DOUGHERTY CO., GA (WALB) - Dougherty County victims caught in the direct path of January's deadly tornado, could now face a tax increase because of it.
The more than 12 million Dougherty County dollars used to assist storm victims may have costly, lingering effects on residents.
County Commissioner Anthony Jones said nothing is set in stone, but storm damage, lower local sales tax revenue and relief issues could put stress on the county budget.
"The county is there for them. We're not going to leave them," Commissioner Anthony Jones said. "We're there for them and we just want them to ask questions. So, they'll know."
Communication in that relationship has become very important after two storms left parts of Dougherty County devastated.
Some residents are still in need of help and the county has some answers.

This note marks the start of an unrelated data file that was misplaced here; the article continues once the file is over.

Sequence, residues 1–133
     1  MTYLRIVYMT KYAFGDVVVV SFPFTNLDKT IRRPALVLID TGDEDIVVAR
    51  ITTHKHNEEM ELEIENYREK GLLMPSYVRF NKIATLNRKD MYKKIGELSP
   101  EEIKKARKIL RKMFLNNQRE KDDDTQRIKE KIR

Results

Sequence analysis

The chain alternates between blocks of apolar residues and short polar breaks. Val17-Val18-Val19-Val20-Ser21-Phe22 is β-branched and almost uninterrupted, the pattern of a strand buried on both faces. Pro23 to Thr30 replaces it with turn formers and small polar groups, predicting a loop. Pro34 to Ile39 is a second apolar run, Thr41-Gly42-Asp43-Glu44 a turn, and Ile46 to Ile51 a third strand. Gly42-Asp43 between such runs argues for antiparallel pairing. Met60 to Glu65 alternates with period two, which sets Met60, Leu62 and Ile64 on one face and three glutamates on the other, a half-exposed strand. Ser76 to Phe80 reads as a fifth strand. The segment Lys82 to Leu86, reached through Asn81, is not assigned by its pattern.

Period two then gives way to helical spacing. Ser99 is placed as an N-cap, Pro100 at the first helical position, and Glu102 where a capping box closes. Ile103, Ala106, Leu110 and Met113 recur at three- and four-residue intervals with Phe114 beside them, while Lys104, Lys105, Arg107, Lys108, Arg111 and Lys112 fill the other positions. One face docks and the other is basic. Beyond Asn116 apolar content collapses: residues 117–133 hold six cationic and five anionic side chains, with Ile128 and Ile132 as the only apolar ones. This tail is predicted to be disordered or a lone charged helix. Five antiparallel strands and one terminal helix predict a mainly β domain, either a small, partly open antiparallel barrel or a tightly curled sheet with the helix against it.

Workers are doing what they can to clear debris from the right of way until early August and employees have set up a waiver program through Keep Albany Dougherty Beautiful to help residents clear their properties.
But like any budget, resources aren't unlimited. Some programs depend on FEMA money and others completely on donations.
So, Commissioner Anthony Jones said a tax increase could be on the table.
"We haven't made it clear that we're going to, but what we wanted to do was to make them aware in case the numbers don't work out. We just want our folks to know ahead of time."
A notice of about a year in advance. Jones said he wanted to do that to give residents a chance to understand the issue and gain their support.
You can learn more about how to get your county property cleared by contacting the Keep Albany-Dougherty Beautiful program.
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